Journal of medical ethics, I978, 4, 84-88

Teaching medical ethics: University of Nijmegen, The Netherlands Maurice A M De Wachter Department of Medical Ethics, Faculty of Medicine and Dentistry, University of Nijmegen, The Netherlands

Abstract During his internship the medical student often feels a basic need for ethical discussion. The department of medical ethics at the University of Nijmegen offers a monthly discussion in single clinical departments. The ethicist is then assisted by staff responsible for guiding the interns. These discussions, based on daily experience, aim at critical evaluation of ways the profession is being exercised. As such they form an essential counterpart to the more theoretical learning in classrooms and seminars during previous years. The method is rather flexible. Either an inventory of problems is made, followed by a selection and discussion of one problem. Or a discussion is initiated by an introduction by either staff or ethicist. The actual programme and its origin, the objectives and some of the problems of such a programme are presented in this article.

Medical ethics in the new curriculum As of September 1977 the Faculty of Medicine of the University of Nijmegen (The Netherlands) introduces the final year of a revised curriculum that began in I972. From the very beginning this programme held the institutional structuring of Medical Ethics an integral part ofmedical education, throughout graduate and postgraduate formation. During the final year medical ethics is called 'professional experience and ethics'. As a programme it originated from an experiment over the past two years, during which informal tests took place in three departments, viz. pediatrics, obstetrics-gynaecology, and psychiatry. Within the total programme of Medical Ethics (see Table i) these monthly discussions (of i to Ii hours) have helped the intern to focus on the moral implications of this first practical experience within the profession. Thus, from about the middle of the ioth up to the end of the i2th semester the programme is being offered in six departments, viz. internal medicine (24 interns during I2 weeks), pediatrics (9 interns during 6 weeks), neurology (6 interns during 6 weeks), psychiatry (9 interns during 6 weeks), surgery (io interns during I2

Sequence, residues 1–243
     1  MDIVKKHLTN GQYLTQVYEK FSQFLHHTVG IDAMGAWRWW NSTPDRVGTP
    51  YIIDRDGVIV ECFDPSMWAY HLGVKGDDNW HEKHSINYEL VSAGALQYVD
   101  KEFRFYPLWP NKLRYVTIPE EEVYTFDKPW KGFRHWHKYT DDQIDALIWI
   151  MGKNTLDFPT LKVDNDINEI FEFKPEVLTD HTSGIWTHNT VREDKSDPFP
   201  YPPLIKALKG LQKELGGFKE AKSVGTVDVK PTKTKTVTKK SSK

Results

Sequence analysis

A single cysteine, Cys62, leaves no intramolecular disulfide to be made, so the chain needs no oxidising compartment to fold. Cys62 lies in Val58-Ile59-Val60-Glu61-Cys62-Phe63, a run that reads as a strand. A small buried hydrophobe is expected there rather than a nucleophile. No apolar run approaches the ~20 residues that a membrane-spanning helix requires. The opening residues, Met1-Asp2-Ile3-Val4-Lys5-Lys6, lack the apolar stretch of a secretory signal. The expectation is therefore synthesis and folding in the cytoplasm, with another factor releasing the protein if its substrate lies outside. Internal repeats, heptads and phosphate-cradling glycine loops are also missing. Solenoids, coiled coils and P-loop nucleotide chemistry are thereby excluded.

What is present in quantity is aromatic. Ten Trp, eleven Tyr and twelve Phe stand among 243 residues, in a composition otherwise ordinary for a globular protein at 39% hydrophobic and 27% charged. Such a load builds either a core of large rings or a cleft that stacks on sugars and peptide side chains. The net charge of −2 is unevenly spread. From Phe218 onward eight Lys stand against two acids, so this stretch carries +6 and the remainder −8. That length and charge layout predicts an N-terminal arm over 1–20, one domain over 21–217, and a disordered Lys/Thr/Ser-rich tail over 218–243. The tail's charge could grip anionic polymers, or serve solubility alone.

weeks), and obstetrics-gynaecology (I2 interns during 12 weeks).

Origin of ethics for interns Although the interest for ethical discussions among faculty and students is as old as this university, the proper format and structured curriculum of medical ethics for interns sprang directly from a recent experiment. Within the revision of the total curriculum the department of medical ethics was allowed the test of a programme for interns in three departments. These were pediatrics, obstetrics-gynaecology, and psychiatry, and the test started in I975. It was agreed from the very inception that the need of interns is of such a specific nature that it cannot be fulfilled save within the very department in which the intern works. Therefore, no effort was made to bring all interns of all departments together for some general meeting. If an intern faces the issue of medicine within a given work environment, he should also be given the opportunity to express, discuss, and solve the problems within that very same context. Hence the focus on separate discussions of ethical questions as interns experience them within each individual clinical department. Discussions become more realistic through this well determined albeit limited approach. The Report to the Programme Committee of the medical school mentioned some observations of importance. i) The commitment of the deparanental faculty plays a major role in the success of the programme. Not only the organisational aspect but more so the attendance and performance of interns reflect the general attitude of staff towards ethical discussions in their daily practice. 2) Another major insight concerns the qualities of the programme. Flexibility in topics and methods ought to be a prime quality of this ethical taining. In this respect the programme may be compared to the clinical case conference. It is a total misconception to think of the ethical discussion as the quiet hour for contemplation, away from it all. On the contrary, like the clinical conference this conferral of ethics and experience is only a moment of reflection within all that is going on.